- Zdrenghea MT, Makrinioti H, Bagacean C, Bush A, Johnston SL, Stanciu LA. Vitamin D modulation of innate immune responses to respiratory viral infections. Rev Med Virol. Epub ahead of print: October 7, 2016.
- Huotari A, Herzig KH. Vitamin D and living in northern latitudes — an endemic risk area for vitamin D deficiency. Int J Circumpolar Health. 2008;67:164–178.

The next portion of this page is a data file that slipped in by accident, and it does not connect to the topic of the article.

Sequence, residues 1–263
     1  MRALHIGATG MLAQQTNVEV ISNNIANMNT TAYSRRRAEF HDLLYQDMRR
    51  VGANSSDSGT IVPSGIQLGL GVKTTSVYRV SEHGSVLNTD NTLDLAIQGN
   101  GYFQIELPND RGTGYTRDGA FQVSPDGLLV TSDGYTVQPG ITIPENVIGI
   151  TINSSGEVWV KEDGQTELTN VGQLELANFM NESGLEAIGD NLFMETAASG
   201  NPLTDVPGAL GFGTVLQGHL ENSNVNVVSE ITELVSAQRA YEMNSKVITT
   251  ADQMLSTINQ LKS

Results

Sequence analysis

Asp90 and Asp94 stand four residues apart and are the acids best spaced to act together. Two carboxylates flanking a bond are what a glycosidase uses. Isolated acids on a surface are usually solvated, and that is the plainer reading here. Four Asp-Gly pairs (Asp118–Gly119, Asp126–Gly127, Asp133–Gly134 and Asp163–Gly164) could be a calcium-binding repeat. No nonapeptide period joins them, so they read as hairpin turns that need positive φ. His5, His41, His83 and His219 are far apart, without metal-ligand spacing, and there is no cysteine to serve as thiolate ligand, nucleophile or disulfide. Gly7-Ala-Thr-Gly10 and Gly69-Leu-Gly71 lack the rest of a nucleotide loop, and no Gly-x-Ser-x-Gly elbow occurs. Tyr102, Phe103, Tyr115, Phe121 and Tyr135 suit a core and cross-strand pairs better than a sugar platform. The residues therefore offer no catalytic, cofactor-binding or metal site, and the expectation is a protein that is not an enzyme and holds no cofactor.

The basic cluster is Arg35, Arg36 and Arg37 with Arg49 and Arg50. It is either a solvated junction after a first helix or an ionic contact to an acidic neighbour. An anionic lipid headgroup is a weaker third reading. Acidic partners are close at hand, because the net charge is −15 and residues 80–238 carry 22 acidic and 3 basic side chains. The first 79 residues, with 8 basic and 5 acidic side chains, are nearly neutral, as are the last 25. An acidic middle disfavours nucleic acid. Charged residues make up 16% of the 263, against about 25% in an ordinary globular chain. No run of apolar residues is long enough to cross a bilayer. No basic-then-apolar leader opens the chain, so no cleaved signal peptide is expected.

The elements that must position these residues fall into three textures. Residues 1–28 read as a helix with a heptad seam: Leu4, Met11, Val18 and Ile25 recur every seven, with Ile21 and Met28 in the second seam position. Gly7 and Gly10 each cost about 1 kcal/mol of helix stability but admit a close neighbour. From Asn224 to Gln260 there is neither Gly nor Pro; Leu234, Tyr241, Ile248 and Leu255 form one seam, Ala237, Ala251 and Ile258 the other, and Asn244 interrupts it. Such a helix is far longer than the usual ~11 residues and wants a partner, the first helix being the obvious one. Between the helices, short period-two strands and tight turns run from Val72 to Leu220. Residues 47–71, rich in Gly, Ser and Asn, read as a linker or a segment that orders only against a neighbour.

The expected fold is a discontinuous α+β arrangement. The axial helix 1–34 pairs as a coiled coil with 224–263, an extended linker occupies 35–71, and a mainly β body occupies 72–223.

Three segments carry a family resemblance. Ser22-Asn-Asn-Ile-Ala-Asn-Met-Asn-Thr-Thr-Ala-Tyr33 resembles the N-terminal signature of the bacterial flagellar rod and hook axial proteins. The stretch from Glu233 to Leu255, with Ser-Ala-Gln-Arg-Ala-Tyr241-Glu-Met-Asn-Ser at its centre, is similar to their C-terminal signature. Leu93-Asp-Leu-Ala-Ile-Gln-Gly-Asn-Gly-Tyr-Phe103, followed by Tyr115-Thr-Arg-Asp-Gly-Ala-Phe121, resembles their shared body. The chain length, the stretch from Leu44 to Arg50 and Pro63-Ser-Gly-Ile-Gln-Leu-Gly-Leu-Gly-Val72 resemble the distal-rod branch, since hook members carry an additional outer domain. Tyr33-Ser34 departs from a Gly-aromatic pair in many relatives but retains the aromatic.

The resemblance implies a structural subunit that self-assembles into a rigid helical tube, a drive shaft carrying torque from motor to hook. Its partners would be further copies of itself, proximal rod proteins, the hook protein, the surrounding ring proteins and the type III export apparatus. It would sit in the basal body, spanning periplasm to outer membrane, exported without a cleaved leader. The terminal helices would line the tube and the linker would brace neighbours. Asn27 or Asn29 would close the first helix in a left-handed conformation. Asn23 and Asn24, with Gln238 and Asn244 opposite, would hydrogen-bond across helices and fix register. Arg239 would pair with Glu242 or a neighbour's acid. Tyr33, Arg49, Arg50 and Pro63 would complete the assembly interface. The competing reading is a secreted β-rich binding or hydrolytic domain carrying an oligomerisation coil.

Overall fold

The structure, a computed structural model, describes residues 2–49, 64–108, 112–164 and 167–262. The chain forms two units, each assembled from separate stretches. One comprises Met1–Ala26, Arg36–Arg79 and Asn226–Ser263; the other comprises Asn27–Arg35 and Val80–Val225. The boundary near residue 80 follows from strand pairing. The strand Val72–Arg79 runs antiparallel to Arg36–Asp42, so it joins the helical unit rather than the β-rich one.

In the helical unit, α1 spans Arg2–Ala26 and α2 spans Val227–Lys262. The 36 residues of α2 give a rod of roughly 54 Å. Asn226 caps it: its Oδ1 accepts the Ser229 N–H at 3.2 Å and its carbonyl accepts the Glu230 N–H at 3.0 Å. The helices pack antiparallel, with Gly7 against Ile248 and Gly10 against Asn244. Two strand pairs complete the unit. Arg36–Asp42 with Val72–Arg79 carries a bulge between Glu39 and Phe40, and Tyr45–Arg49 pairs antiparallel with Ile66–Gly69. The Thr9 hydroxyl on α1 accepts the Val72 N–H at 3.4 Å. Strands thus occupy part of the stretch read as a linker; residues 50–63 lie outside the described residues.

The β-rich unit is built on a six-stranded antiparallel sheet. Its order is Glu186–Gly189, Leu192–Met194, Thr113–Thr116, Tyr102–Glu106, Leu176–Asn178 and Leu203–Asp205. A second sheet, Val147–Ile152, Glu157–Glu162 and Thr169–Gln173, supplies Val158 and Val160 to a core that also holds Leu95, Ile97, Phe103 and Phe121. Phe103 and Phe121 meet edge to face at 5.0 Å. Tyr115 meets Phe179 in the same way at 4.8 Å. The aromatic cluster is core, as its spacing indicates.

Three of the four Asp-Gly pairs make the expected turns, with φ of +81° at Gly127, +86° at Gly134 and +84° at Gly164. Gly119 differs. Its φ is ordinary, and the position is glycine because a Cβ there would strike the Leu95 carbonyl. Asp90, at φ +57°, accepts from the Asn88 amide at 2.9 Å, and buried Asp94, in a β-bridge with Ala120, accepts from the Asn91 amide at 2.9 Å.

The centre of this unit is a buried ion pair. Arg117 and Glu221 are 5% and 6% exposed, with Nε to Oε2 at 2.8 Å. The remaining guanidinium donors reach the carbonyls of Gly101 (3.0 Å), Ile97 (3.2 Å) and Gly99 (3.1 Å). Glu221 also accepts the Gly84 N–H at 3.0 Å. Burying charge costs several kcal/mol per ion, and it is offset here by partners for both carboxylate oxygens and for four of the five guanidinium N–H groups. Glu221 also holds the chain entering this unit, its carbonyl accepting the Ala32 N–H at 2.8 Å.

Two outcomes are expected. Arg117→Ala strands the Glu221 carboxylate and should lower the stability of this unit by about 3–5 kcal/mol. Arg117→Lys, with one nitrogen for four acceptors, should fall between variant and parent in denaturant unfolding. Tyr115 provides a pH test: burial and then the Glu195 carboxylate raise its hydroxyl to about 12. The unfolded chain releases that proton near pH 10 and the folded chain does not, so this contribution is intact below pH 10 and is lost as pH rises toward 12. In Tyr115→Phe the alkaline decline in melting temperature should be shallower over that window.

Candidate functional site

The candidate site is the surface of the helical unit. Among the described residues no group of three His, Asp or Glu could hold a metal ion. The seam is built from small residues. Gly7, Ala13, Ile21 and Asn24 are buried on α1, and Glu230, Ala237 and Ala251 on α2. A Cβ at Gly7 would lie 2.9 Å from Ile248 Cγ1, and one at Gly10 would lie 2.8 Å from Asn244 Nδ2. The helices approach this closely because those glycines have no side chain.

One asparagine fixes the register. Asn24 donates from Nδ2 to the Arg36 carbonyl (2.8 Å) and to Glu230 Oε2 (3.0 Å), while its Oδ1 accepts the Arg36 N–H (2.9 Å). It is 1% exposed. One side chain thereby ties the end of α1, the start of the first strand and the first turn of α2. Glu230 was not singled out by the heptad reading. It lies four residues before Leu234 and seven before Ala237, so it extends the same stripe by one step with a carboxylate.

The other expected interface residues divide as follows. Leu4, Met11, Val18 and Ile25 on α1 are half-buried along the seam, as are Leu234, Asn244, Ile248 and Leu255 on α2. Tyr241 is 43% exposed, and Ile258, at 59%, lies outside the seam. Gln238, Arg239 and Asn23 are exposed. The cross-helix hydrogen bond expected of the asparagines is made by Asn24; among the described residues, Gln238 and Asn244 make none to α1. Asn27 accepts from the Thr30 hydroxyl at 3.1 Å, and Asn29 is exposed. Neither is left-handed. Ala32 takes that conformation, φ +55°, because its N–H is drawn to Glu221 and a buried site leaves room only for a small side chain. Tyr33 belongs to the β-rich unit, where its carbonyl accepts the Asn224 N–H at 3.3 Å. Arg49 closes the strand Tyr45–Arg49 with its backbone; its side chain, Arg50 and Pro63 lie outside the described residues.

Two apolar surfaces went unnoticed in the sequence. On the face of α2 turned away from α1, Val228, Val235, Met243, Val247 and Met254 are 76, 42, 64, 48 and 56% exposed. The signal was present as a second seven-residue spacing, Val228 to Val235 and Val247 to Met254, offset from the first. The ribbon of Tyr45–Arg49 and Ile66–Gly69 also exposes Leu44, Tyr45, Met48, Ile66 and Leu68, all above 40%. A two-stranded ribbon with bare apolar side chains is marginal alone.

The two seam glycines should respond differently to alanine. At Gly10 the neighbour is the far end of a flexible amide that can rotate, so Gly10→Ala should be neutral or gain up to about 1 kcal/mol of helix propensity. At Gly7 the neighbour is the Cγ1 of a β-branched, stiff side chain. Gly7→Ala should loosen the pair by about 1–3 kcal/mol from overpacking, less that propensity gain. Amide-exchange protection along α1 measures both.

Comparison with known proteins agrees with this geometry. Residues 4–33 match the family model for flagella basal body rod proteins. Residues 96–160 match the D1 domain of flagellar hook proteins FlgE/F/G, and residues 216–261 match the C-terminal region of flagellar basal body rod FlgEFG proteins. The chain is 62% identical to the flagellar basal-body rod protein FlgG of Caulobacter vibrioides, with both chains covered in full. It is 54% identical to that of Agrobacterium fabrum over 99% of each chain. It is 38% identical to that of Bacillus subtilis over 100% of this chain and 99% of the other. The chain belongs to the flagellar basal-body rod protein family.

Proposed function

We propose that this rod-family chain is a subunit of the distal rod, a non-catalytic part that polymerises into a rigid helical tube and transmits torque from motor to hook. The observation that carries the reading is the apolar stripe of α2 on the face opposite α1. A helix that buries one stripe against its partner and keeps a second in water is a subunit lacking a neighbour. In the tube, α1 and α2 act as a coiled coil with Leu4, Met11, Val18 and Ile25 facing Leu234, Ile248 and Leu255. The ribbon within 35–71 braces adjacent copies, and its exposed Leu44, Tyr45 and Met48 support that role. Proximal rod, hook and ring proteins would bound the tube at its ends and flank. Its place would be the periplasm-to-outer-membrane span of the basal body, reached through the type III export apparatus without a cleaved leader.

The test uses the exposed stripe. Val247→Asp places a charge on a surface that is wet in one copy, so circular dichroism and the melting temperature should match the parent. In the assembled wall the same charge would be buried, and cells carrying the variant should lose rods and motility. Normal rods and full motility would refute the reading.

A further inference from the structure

- Rosecrans R, Dohnal JC. Seasonal vitamin D changes and the impact on health risk assessment. Clin Biochem. 2014;47:670–672.
- Pinto JPNS, Goergen J, Muniz FWMG, Haas AN. Vitamin D levels and risk for periodontal disease: a systematic review. J Periodontal Res. 2018;53:298–305.
- Fathi N, Ahmadian E, Shahi S, et al. Role of vitamin D and vitamin D receptor (VDR) in oral cancer. Biomed Pharmacother. 2019;109:391–401.
- Botelho J, Machado V, Proença L, Delgado AS, Mendes JJ. Vitamin D deficiency and oral health: a comprehensive review. Nutrients. 2020;12:1471.
From Decisions in Dentistry. September 2022;8(9)36,39-41.